The distinction between ends and means when using Policy Governance
When learning Policy Governance, board members have to distinguish between the organizational ends and means. This seems like an easy matter, but unless the members have a clear understanding of the distinction, it can become a thorny issue. [If you cannot see the rest of this article, click on the title… ]
This article is meant to be a short reminder of this distinction. The board will instruct staff by writing Ends policies and Executive Limitation policies.
Ends policies speak about one or more of three topics:
- The results (benefit or change) in the community for which the organization exists
- The people for whom the results must be achieved
- Statements about the worth, relative priority, or cost of achieving the results (the issue is that that the cost of producing the results must be worth the results achieved)
Note that the overarching End statement must include all three concepts. Lower level policies can describe one or two or all three of the topics.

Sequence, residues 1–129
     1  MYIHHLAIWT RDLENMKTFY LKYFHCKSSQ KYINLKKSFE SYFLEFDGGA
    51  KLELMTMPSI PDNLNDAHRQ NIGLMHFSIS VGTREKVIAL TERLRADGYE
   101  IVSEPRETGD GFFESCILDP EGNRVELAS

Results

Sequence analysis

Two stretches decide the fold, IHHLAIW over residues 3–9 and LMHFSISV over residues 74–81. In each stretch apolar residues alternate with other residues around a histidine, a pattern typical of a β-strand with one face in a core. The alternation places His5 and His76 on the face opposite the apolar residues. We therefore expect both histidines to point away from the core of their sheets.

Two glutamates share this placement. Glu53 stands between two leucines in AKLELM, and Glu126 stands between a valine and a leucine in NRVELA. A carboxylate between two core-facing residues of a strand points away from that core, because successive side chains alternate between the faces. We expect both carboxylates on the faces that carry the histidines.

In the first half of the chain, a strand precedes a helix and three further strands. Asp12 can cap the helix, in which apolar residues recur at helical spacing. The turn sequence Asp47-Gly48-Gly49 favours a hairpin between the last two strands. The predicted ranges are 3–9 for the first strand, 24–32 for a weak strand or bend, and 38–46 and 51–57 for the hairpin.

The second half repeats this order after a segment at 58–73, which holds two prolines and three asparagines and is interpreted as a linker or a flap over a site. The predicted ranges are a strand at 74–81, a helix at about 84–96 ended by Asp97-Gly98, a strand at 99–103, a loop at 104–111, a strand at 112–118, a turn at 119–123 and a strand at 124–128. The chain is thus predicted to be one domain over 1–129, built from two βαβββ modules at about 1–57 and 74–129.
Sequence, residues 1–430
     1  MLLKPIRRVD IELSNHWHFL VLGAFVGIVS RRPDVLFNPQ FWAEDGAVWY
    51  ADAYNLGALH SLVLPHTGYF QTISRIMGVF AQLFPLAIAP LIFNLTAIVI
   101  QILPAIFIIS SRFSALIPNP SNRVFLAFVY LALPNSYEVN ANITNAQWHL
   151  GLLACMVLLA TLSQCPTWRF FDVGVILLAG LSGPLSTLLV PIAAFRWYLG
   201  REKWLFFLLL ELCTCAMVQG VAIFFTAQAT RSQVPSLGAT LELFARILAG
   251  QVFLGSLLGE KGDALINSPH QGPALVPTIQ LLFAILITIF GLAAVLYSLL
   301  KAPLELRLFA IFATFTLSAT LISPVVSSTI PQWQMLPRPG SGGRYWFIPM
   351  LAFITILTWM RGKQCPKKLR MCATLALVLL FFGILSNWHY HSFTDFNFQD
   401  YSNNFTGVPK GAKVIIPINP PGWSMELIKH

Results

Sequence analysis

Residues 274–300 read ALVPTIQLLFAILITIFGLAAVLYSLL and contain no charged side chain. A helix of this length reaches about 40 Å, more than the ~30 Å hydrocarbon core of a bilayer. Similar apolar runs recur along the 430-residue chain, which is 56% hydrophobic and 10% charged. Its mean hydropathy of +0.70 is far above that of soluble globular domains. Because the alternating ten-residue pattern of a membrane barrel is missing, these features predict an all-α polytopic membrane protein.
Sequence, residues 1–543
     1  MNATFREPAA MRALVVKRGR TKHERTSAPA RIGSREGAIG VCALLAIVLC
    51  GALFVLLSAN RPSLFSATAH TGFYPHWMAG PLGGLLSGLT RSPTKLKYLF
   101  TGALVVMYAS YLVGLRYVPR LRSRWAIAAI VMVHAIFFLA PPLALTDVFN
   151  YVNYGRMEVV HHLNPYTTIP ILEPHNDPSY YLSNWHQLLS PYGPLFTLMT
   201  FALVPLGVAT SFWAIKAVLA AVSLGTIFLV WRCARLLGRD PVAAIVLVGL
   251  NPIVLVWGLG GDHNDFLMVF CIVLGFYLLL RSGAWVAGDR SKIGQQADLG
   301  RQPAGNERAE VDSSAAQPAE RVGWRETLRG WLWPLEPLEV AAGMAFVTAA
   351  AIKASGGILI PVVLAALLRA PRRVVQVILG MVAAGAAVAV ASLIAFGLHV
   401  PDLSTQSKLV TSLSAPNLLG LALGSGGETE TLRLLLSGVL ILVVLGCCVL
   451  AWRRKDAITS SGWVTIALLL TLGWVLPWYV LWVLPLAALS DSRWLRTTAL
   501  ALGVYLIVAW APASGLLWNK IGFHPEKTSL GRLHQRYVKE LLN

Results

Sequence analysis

Anything else that the board has to say to the staff (other than the above three points) must be about means.
To keep this distinction simple: if the statement is not about Ends, it must be about means.
The board does not describe the means to achieving the Ends. Those who are accountable for achieving the Ends are also accountable for developing all of their own means.
All that the board has to say about means are policies that instruct those who are accountable for producing the results to behave efficiently, ethically and prudently.
While the board may not issue instructions about how to accomplish the Ends, it will approve policies that constrain the doers from behaving inefficiently, unethically and imprudently. Since these policies limit the doers’ actions, even if those actions would be effective, the policies are called Executive Limitations.
© 2007 R. Ballantyne. All rights reserved. This is for your use at your computer screen. For reproduction of any kind you will need the written permission of the author.
(Note: this material is derived from the work of Miriam and John Carver. A full discussion for developing Ends is their book, Reinventing Your Board, © 1997 Jossey-Bass Inc., Pages 135 – 157.)